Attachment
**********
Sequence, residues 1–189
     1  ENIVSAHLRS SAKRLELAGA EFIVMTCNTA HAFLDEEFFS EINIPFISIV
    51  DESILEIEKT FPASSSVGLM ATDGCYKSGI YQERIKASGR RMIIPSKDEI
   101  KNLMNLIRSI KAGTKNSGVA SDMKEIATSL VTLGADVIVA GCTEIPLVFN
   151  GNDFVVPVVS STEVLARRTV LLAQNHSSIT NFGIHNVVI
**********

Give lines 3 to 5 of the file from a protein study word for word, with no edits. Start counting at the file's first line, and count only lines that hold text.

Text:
    51  DESILEIEKT FPASSSVGLM ATDGCYKSGI YQERIKASGR RMIIPSKDEI
   101  KNLMNLIRSI KAGTKNSGVA SDMKEIATSL VTLGADVIVA GCTEIPLVFN
   151  GNDFVVPVVS STEVLARRTV LLAQNHSSIT NFGIHNVVI